Hey friend! I’m really appreciating the way you have been able to articulate specific practices and habits that support connection to God and spiritual health. So often it seems that the spiritual advice given to anxiety sufferers are admonitions to “be anxious about nothing” and “cast your cares upon Him.” Your words are clearly those of someone who understands the struggle intimately and I’m grateful that you are sharing them. This is tangible, helpful material that I’m finding useful personaly and am so glad to have on hand to recommend to people I love who share this struggle. Holding you and your work in prayer. xoxo

  • K. C. Ireton

    Thank you, Angie! For your words and your prayers. They are upholding me, probably far more than either of us know!

  • K. C. Ireton

    Dear Elizabeth, I’m so glad the essays have been helpful. I pray that these practices bring you as much freedom and joy as they have brought me!

  • Phyllis

    I came over from Velvet Ashes, too, and I’m loving this. I kind of assumed you were already planning on making a book out of it, since it’s already so clearly and beautifully formulated. I echo the person who suggested an ebook.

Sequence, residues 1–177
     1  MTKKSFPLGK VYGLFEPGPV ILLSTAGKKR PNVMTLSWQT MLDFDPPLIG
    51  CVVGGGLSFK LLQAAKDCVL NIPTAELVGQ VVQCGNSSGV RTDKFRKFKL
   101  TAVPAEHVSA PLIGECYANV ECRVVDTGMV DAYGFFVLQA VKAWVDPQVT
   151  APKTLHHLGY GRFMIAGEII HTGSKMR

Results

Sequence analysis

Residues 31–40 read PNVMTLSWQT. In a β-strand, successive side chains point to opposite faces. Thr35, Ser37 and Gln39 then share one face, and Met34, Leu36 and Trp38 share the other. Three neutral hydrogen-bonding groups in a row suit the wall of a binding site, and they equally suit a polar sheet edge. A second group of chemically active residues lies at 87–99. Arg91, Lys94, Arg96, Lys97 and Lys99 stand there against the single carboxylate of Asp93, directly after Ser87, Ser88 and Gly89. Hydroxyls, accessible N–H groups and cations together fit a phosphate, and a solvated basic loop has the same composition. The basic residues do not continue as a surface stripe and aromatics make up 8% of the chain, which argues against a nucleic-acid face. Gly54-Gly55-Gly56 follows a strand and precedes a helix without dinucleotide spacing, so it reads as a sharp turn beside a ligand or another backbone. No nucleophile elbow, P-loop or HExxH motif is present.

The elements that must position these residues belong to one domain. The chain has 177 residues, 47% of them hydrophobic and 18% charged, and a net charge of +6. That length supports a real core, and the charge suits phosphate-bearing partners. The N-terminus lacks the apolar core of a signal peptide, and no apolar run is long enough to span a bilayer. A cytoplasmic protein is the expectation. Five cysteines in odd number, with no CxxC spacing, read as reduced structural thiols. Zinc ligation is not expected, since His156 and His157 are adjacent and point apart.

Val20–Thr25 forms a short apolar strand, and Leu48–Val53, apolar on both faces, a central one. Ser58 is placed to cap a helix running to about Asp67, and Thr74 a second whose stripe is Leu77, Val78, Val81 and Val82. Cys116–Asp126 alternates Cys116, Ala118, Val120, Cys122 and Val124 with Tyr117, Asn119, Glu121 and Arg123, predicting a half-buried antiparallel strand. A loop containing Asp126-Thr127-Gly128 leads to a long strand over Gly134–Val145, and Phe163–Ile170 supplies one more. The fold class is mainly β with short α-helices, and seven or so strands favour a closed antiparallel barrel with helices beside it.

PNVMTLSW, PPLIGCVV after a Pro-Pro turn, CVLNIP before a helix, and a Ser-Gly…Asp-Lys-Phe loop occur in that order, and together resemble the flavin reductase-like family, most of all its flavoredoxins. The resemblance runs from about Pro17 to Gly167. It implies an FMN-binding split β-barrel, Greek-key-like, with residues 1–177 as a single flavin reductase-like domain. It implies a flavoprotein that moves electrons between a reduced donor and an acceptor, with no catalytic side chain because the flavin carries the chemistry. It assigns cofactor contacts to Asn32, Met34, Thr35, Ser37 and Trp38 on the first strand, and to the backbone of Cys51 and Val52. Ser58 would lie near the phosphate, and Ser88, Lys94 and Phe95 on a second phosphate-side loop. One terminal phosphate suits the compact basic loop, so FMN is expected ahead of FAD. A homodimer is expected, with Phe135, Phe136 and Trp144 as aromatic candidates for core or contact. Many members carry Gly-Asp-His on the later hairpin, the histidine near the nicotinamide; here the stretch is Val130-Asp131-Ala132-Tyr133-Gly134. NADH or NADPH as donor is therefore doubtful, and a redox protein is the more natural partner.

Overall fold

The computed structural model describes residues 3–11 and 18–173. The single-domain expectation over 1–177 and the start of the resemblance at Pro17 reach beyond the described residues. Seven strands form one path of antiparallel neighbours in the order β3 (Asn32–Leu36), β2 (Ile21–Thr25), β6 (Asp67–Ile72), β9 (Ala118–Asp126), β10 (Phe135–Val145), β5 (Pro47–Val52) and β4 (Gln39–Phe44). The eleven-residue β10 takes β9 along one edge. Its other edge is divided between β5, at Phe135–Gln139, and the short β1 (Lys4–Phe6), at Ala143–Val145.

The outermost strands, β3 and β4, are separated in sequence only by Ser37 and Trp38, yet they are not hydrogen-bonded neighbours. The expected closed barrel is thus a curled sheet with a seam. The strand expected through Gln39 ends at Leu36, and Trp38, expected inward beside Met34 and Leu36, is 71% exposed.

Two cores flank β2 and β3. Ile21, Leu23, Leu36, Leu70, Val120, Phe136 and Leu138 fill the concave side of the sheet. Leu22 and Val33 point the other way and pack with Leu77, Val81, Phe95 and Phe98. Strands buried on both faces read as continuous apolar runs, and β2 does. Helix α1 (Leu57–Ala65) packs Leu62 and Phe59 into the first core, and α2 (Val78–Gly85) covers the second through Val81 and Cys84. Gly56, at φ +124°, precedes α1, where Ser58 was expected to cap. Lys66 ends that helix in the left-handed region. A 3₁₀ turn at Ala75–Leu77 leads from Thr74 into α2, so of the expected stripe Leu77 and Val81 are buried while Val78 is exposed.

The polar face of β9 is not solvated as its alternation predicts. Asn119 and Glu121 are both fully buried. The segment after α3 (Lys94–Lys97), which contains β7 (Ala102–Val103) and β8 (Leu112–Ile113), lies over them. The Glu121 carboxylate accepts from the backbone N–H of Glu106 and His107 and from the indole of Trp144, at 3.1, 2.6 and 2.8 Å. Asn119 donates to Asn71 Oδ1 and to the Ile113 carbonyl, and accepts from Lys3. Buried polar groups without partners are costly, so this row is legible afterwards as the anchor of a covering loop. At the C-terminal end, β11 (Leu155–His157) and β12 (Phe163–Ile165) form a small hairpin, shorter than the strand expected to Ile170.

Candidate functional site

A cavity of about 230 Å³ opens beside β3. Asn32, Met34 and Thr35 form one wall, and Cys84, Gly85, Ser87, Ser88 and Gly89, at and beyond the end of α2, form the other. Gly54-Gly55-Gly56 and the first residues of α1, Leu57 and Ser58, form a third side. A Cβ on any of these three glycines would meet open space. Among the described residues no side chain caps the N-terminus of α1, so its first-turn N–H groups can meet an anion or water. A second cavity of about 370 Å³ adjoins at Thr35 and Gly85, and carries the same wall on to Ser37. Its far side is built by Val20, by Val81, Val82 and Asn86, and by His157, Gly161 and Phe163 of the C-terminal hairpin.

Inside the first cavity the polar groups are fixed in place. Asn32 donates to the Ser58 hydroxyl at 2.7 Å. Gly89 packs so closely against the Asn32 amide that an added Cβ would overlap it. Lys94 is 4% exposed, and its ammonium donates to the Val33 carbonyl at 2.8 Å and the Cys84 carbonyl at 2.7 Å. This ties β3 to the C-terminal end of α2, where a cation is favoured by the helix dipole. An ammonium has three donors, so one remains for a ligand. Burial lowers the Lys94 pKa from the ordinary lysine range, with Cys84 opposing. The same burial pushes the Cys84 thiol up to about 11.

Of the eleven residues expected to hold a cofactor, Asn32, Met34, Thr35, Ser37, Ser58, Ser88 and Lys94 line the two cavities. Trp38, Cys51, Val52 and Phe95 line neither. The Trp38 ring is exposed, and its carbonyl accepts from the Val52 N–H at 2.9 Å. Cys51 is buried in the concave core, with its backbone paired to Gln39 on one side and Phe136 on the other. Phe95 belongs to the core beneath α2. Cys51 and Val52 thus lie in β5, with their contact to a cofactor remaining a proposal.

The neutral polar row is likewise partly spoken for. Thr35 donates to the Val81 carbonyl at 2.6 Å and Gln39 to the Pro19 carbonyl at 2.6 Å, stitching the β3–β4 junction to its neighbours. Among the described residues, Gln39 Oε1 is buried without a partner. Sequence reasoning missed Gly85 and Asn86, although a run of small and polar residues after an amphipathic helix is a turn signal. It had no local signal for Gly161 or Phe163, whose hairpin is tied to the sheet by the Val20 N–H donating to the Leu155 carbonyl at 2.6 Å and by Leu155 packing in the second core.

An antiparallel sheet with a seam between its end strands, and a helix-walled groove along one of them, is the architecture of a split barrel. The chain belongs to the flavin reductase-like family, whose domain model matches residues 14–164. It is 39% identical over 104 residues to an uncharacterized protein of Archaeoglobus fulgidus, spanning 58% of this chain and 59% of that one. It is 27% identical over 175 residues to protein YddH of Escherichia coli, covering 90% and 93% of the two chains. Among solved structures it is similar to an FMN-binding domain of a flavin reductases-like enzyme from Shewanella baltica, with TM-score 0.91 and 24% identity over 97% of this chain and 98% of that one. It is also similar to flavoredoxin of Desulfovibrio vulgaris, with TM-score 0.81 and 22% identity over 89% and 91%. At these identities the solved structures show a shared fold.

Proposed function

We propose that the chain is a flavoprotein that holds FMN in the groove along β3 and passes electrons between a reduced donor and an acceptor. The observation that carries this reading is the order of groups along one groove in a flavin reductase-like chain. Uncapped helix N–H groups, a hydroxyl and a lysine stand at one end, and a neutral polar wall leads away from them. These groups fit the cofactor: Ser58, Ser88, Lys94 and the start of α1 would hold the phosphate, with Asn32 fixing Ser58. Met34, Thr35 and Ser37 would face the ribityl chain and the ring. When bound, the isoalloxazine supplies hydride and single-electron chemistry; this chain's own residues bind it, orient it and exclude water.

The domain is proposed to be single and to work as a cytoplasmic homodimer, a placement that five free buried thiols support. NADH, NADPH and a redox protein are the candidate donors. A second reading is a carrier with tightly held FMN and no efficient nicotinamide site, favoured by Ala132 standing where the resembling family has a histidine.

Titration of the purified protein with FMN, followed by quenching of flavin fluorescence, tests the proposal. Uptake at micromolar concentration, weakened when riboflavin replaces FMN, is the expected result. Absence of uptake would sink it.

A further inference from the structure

• K. C. Ireton

    Thank you, Phyllis! I’m so glad this is helpful. I appreciate your nudge about the ebook; the idea is percolating in the back of my mind. :)

  • glynd

    Kimberly, I’m chuckling right now. I’ve just come back recently (new computer – long story) and am reading through your series. Just what I need as the hustle and bustle of the holidays wraps me up, and not as a present! But the chuckle is because, before I checked the comments, I thought, Kimberly needs seriously consider turning this into some sort of book! And, lo and behold, the first, then the second comments shared that very thought. Obviously not very original on my part but still, I want to encourage you on that path. Much to chew on and consider as I read this. Now I will venture into the next chapter : )

  • K. C. Ireton

    Thank you, Glyn! I am so glad these posts are helpful for you. And I appreciate your encouragement about a book version. I am mulling it over.